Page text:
York at War 1939–45

Craig Armstrong

York has often been overlooked when it comes to Britain's wartime experience.
Date Published :
April 2022
Publisher :
Pen and Sword
Illustration :
80 black and white illustrations
Format Available    QuantityPrice
Binding. : Paperback
ISBN : 9781526704726
Pages : 136
Dimensions : 9.1 X 6.1 inches
Stock Status : Not Yet Published. Available for Pre-Order
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$29.95

Overview
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York has often been overlooked when it comes to Britain’s wartime experience. The city was not though to have many industries of great wartime importance and it was not a part of the initial evacuation scheme. Yet this does not accurately reflect the wartime contributions of the city, as several of its large confectionary factories were converted to wartime use, while it was also a key rail hub, forming a vital link in the national network.

Unbeknownst to the people of the city, York had been selected as the latest target in the Luftwaffe’s Baedeker Raids. In a short, sharp, blitz raid in the early hours of 29 April 1942, more than 3,000 houses were destroyed or damaged and almost 100 people killed while others were left seriously injured.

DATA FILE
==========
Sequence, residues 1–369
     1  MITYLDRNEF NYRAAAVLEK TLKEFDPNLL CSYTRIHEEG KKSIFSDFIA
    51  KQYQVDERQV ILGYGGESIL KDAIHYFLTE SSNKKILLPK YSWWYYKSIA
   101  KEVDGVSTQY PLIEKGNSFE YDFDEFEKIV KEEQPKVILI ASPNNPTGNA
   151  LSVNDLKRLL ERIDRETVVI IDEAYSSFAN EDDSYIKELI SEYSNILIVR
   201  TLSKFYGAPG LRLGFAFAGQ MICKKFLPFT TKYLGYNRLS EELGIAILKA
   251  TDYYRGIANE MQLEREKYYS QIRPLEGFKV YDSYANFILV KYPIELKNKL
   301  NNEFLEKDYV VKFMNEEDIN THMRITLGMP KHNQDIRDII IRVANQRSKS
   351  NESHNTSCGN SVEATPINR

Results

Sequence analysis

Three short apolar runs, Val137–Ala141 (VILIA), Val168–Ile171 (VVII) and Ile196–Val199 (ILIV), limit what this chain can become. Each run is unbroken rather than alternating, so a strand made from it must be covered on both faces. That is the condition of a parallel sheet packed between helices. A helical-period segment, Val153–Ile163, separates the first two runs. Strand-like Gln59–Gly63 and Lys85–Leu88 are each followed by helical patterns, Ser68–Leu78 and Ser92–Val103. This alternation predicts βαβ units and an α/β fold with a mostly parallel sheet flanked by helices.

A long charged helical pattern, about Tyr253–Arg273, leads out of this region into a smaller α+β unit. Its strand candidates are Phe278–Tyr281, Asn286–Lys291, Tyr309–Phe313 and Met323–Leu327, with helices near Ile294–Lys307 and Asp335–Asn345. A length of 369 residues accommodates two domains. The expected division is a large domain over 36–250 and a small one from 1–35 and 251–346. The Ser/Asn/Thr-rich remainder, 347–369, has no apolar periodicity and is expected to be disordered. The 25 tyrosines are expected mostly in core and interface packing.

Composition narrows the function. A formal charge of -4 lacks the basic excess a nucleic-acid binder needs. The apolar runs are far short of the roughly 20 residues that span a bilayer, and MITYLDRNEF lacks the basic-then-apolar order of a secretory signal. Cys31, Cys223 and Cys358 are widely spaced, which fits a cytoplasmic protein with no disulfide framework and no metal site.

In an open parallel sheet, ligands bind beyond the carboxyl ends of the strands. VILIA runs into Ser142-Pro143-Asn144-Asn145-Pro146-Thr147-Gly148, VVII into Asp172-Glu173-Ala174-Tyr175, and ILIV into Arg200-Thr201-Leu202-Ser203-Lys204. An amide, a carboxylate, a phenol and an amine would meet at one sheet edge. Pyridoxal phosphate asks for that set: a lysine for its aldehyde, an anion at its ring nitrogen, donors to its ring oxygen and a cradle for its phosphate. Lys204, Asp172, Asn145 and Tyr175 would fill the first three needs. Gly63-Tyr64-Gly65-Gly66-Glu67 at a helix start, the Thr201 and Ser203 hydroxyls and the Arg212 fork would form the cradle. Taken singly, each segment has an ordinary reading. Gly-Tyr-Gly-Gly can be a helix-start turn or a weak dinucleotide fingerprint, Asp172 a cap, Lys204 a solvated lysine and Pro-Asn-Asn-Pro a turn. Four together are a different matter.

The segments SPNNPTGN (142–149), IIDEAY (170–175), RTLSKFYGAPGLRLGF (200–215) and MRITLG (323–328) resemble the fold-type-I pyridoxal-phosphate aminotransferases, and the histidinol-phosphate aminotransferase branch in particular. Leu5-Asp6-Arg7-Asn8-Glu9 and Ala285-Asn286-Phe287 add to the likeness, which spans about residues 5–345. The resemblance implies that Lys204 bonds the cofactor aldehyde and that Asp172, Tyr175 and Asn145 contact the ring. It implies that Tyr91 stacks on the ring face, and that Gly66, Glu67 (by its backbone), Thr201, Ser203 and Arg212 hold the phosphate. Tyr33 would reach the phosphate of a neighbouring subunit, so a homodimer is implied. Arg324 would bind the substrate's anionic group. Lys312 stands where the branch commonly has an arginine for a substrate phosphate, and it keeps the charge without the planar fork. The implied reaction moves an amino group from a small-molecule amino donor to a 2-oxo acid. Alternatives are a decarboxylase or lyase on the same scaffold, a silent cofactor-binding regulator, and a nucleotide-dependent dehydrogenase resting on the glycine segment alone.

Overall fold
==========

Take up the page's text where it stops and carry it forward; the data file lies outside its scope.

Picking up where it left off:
Wartime York had a particularly close connection with the RAF as the city was surrounded by airbases. People became very used to seeing the uniforms of men and women from Bomber Command and the city was to prove very popular with airmen seeking relaxation. Places such as Betty’s Bar became infamous as airmen of almost every Allied nationality came to blew off steam. The nearby presence of the airfields also meant that the people of York and the surrounding area were witnesses to tragedies when aircraft crashed on their return to the bases.

About The Author
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Born and bred in Northumberland, Dr Craig Armstrong is an experienced historian with a special interest in the history of the North East of England and the Anglo-Scottish Borders. He has expertise in 19th and 20th century history with a particular focus on social and military history.

Dr Armstrong currently splits his time between teaching at Newcastle University and working as a freelance researcher and writer on the history of North East England and Scotland.

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